Watkins and Marsick,
1993). Many team studies,
in
contrast, have
used large
samples and quantitative data
but have not
examined
ante-
cedents
and consequences
of
learning
behavior (e.g.,
Good-
man, Devadas,
and
Hughson, 1988;
Hackman, 1990;
Cohen
and
Ledford, 1994).
I
propose
that to understand
learning
behavior
in
teams,
team structures and shared beliefs must
be
investigated jointly, using
both
quantitative
and
qualitative
methods.
This
paper presents
a
model
of
team
learning
and tests
it in
a
multimethod field study. The results
support an integrative
perspective
in
which both team structures,
such as context
support
and
team leader
coaching,
and shared beliefs
shape
team
outcomes.
Organizational
work
teams
are
groups
that
exist within the context
of
a
larger
organization,
have
clearly
defined
membership,
and share
responsibility
for
a
team
product or service (Hackman, 1987;
Alderfer, 1987).
Their
learning
behavior
consists of
activities
carried out
by
team
members
through
which a team
obtains and
processes
data
that
allow
it
to
adapt
and
improve. Examples
of
learning
be-
havior include
seeking feedback, sharing
information, asking
for
help, talking
about
errors,
and
experimenting.
It
is
through
these activities that teams
can
detect
changes
in
the
environment,
learn about
customers'
requirements,
im-
prove
members'
collective
understanding
of a
situation,
or
discover
unexpected consequences
of their
previous
actions.
These useful
outcomes often
go
unrealized
in
organizations.
Members of
groups
tend not
to
share
the
unique knowledge
they hold,
such that
group
discussions
consist
primarily
of
jointly
held
information
(Stasser
and
Titus,
1987), posing
a
dilemma for
learning
in
groups.
More
centrally,
those
in a
position
to initiate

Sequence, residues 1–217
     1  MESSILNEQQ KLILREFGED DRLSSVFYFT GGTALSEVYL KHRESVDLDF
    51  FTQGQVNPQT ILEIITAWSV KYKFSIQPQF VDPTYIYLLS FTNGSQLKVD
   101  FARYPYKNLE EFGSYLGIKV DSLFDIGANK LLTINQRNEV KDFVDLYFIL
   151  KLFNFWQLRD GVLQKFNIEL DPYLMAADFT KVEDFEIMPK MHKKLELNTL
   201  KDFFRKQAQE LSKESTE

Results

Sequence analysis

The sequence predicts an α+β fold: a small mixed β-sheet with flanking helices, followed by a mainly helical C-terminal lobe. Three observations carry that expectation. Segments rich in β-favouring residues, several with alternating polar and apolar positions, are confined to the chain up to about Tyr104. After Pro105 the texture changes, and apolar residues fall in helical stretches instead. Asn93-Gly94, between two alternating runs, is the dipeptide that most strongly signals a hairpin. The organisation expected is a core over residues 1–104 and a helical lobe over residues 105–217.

learning
behavior
may
believe they
are
placing themselves at risk; for example, by
admitting an
er-
ror
or
asking
for
help,
an individual
may appear
incompetent
and
thus
suffer a
blow
to
his
or her
image.
In
addition,
such
individuals
may
incur more
tangible
costs
if
their actions
cre-
ate unfavorable
impressions
on
people
who
influence
deci-
sions about
promotions, raises,
or
project
assignments.
Im-
age
costs have been
explored
in research
on face
saving,
which has
established
that
people
value
image
and
tacitly
abide by social expectations
to save their own and
others'
351/ASQ, June 1999
This content downloaded by the authorized user from 192.168.52.71 on Fri, 7 Dec 2012 15:29:43 PM
All use subject to JSTOR Terms and Conditions
face (Goffman, 1955). Asking for help, admitting errors, and
seeking feedback exemplify the kinds of behaviors that pose
a threat to face (Brown, 1990), and thus people in organiza-
tions are often reluctant to disclose their errors (Michael,
1976) or are unwilling to ask for help (Lee, 1997), even when
doing
so would
provide
benefits for the team or
organization.
Similarly, research has shown that the sense of threat
evoked
in
organizations by discussing problems
limits indi-
viduals' willingness to engage in problem-solving activities
(Dutton, 1993; MacDuffie, 1997). The phenomenon of threat
rigidity has been explored at multiple levels of analysis,
showing that threat has the effect of reducing cognitive and
behavioral flexibility and responsiveness, despite the implicit
need for these to address the source of threat (Staw, Sand-
elands, and Dutton, 1981). In sum, people tend to act
in
ways
that inhibit
learning
when
they
face the
potential
for
threat or embarrassment (Argyris, 1982).
Nonetheless,
in
some environments, people perceive
the
career and interpersonal threat as sufficiently
low
that they
do ask for